Of course, at first, Jacob would freeze each time he saw my mustache, and honestly, watching him repeatedly go through this pain was hard me. But gradually, after six or seven attempts, Jacob became noticeably more able to stay conscious as he looked up at me.
Did this work completely eliminate Jacob's fear of mustaches? No, it did not. But then, I was not expecting this to happen. My intuitive sense of how we heal our BLocks is that in each successive Emergence session, we heal about half of what remains of the block. In the first session, you heal half of the BLock; in the second, half of the half that is left, and so on.
Knowing this, then, over the course of the next few months, Jacob and his mother and I continued to work on Jacob's fear of mustaches; in all, probably on about three or four separate occasions. Each time, Jacob became more able to look at my mustache and stay conscious. Finally, as I said hello and held him one day, he reached over and touched my mustache.
It just happened that on this day, one of his grandfathers was also supposed to come and visit him and so, his mother and I both wondered if Jacob would be any different this time. Sure enough, when his grandfather reached out to hold him later that day, Jacob had no problem going into his grandfather's arms.
What Had Changed in Jacob?
Many people, I am sure, will conceptualize this scene with the idea, "Jacob was just scared of men." No, Jacob was not scared of "men" in general, nor can his fear be generalized to any other concept. Jacob was going into shock when he witnessed a literal, real world object; he became terrified when he saw hair above a man's lip.
Equally important, many people would now offer the behaviorist's answer as to what had changed in Jacob; that Jacob had simply gotten used to being held by men; that he simply "grew out" of his fear. Here, too, this idea is simply not true.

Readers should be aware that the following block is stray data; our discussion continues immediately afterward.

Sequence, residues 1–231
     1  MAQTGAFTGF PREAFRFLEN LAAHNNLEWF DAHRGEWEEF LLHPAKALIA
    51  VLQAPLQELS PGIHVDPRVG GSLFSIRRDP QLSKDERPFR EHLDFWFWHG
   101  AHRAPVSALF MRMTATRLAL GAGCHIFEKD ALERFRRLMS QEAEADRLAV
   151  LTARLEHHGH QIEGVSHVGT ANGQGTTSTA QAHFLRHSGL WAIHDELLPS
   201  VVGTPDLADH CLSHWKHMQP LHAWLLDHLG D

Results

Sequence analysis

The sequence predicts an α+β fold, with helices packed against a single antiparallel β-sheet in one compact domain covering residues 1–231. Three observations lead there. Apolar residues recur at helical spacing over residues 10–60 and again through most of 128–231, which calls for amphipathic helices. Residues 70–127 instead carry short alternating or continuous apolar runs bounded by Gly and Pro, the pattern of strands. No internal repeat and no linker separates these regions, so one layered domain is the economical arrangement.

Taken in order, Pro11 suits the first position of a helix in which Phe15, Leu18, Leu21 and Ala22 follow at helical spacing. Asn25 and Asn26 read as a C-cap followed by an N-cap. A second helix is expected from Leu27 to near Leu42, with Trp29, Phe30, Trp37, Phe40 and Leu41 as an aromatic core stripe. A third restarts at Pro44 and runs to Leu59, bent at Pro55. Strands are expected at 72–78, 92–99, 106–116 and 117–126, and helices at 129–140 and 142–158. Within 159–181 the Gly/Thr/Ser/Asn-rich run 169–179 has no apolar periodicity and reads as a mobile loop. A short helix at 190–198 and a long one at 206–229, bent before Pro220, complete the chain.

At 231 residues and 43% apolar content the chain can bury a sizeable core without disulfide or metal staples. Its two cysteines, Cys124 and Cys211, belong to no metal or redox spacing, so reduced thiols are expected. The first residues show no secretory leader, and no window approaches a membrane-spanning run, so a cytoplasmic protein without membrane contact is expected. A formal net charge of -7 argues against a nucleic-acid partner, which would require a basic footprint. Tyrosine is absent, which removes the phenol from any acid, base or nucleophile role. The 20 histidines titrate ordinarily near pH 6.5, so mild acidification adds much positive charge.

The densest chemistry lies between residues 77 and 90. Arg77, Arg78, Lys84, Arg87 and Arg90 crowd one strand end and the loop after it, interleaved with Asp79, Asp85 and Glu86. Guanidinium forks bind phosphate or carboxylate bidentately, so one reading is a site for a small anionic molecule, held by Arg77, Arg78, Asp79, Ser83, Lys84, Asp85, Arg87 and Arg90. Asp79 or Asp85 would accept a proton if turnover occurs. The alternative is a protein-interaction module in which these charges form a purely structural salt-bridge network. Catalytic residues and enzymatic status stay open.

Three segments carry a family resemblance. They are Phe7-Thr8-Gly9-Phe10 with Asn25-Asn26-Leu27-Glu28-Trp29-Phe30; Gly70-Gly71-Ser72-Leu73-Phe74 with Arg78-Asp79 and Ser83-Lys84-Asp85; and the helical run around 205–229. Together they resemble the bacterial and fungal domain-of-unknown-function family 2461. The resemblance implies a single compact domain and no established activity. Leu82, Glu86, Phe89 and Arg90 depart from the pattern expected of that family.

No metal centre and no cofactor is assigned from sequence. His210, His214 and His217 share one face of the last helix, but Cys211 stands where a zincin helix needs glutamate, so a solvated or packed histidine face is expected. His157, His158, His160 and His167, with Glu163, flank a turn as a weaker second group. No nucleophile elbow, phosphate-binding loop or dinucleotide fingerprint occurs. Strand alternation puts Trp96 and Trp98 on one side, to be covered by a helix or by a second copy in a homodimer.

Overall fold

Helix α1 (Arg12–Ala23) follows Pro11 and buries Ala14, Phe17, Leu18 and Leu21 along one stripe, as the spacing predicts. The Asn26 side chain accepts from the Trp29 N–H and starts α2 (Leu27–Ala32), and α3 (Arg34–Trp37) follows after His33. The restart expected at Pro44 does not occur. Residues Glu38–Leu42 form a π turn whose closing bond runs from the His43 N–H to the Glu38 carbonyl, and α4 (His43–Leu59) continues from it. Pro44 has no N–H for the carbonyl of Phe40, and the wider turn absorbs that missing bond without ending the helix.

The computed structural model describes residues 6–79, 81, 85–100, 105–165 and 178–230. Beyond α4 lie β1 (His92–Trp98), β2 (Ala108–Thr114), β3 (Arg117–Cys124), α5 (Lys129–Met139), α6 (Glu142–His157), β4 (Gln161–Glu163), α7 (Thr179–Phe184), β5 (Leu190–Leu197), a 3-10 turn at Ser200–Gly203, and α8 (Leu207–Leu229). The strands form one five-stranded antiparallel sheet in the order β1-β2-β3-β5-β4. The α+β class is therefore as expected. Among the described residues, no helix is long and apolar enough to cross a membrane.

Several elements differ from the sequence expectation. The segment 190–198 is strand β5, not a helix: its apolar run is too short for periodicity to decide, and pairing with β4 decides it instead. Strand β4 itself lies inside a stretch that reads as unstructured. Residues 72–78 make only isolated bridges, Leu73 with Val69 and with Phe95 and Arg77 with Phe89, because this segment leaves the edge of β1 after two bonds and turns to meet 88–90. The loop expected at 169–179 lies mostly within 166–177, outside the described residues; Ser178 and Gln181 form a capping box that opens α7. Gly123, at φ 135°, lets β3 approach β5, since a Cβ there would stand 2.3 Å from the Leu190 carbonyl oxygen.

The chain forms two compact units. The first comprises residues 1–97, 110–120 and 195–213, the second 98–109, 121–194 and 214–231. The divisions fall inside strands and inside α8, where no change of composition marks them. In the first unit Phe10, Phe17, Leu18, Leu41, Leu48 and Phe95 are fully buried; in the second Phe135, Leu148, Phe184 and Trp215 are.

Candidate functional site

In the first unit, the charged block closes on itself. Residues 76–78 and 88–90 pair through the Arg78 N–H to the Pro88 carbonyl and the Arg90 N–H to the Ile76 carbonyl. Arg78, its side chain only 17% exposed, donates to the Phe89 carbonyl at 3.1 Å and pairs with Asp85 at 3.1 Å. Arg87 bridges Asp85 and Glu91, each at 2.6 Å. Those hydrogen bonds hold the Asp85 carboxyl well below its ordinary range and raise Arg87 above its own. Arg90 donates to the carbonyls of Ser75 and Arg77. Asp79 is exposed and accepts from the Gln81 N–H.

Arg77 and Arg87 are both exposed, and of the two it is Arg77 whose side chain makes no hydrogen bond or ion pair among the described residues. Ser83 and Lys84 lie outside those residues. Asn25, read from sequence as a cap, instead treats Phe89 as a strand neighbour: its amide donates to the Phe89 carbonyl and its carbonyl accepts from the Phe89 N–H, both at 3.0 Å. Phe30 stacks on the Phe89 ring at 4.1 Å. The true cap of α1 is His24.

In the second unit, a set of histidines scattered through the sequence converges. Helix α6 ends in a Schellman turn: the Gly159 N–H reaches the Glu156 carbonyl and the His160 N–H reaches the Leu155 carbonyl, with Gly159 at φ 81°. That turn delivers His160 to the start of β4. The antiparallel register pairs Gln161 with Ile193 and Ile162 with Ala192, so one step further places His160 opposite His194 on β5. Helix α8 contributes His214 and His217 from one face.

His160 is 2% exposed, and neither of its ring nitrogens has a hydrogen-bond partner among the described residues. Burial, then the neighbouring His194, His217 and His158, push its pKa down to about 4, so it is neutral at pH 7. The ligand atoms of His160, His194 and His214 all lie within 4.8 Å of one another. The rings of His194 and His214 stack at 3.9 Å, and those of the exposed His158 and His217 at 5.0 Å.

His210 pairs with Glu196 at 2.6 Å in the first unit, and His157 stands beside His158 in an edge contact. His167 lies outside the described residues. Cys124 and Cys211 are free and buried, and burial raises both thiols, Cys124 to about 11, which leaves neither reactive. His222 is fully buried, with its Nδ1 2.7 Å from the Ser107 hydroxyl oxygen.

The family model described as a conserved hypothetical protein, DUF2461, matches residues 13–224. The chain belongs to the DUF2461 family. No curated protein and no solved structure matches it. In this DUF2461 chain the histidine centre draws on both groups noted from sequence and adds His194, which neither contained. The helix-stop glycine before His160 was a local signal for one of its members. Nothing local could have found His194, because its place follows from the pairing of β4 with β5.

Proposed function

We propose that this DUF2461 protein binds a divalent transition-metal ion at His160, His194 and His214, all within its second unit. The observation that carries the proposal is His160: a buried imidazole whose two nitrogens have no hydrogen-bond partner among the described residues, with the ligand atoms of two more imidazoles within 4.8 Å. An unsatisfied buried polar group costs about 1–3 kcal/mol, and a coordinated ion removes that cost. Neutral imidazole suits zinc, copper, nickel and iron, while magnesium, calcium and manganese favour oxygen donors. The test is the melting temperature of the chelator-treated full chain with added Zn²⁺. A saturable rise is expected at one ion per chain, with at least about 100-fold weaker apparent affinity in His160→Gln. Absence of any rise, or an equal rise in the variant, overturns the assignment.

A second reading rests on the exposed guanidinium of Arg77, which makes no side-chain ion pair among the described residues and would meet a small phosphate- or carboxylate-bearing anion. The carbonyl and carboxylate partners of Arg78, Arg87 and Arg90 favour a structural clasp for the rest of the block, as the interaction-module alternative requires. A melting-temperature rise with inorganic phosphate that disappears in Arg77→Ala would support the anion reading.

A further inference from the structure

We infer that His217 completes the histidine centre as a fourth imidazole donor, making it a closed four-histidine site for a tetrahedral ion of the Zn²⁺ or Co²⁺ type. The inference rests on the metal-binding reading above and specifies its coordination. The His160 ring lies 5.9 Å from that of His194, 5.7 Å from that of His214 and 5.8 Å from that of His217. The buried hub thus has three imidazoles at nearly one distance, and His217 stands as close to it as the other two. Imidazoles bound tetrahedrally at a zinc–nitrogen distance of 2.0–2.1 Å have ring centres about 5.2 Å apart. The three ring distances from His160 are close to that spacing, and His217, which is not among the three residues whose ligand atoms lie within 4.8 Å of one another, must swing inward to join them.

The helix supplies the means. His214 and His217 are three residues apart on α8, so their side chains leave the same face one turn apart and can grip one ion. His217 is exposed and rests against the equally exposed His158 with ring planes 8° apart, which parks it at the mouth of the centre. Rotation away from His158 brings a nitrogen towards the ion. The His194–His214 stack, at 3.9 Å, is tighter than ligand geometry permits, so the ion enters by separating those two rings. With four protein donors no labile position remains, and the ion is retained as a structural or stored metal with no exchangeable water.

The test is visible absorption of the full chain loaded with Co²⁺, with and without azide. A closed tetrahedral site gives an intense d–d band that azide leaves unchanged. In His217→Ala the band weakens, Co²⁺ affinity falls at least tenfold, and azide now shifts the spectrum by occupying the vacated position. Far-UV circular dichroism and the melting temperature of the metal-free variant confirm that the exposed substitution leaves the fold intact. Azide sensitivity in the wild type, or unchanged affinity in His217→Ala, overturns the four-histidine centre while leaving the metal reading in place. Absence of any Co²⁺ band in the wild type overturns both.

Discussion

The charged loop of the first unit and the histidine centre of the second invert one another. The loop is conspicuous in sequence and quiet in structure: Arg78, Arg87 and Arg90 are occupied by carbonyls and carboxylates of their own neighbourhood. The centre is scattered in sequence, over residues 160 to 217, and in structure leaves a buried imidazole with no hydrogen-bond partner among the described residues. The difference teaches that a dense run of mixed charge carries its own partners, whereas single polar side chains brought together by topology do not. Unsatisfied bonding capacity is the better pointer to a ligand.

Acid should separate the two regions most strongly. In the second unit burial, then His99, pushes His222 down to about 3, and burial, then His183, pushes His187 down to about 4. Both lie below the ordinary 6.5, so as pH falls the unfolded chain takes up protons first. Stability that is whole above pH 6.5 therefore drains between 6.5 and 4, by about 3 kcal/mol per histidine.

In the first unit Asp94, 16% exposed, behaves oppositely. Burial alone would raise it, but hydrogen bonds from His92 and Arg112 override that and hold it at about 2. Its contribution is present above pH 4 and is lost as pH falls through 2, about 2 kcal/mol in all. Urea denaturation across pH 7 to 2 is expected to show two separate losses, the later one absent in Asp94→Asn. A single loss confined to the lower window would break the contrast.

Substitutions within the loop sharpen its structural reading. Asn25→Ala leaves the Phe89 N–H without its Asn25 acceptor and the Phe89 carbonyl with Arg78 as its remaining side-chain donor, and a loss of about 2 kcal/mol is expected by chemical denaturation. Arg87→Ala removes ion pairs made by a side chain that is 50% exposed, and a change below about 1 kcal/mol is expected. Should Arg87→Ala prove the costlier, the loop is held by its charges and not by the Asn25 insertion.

When people get used to something, in effect, they simply become more and more able to suppress their symptoms, which is in fact, precisely what behavioral therapists are trained to do for people. Emergence practitioners, on the other hand, are trained to do exactly the opposite, in that they focus their efforts on helping people to become more and more able to consciously witness the thing which is provoking their symptoms.
In other words, behaviorists actually train people to become less conscious of the painful object. Emergence practitioners help people to become more conscious of the object.
What is the difference? The difference, which is profoundly important, is that you can not love what you can not consciously witness. This means that to the degree that you learn to suppress your reaction to something painful, to that degree, you lose your ability to love it.
The inverse is also true. To the degree that you learn to consciously witness a key, to that degree you become able to love what you see. And in Jacob's case, he had learned to love my mustache.
In case you have not considered what would have happened if I had not helped Jacob to heal this BLock, think about how this four month old baby would have struggled to "endure" his grandfathers' loving attention. And how this difficulty would have also affected his relationships with any and all men who had mustaches. Worse yet, think about how this difficulty would have affected Jacob's ability to trust all men, in that without consciously realizing what the key was, he would not have known which men he could trust. These events would then have quickly accumulated into enough painful experiences to have caused Jacob to distrust most men.
Worst of all, Jacob, himself, is male. Think about how his distrust of men would have generalized to a distrust of himself.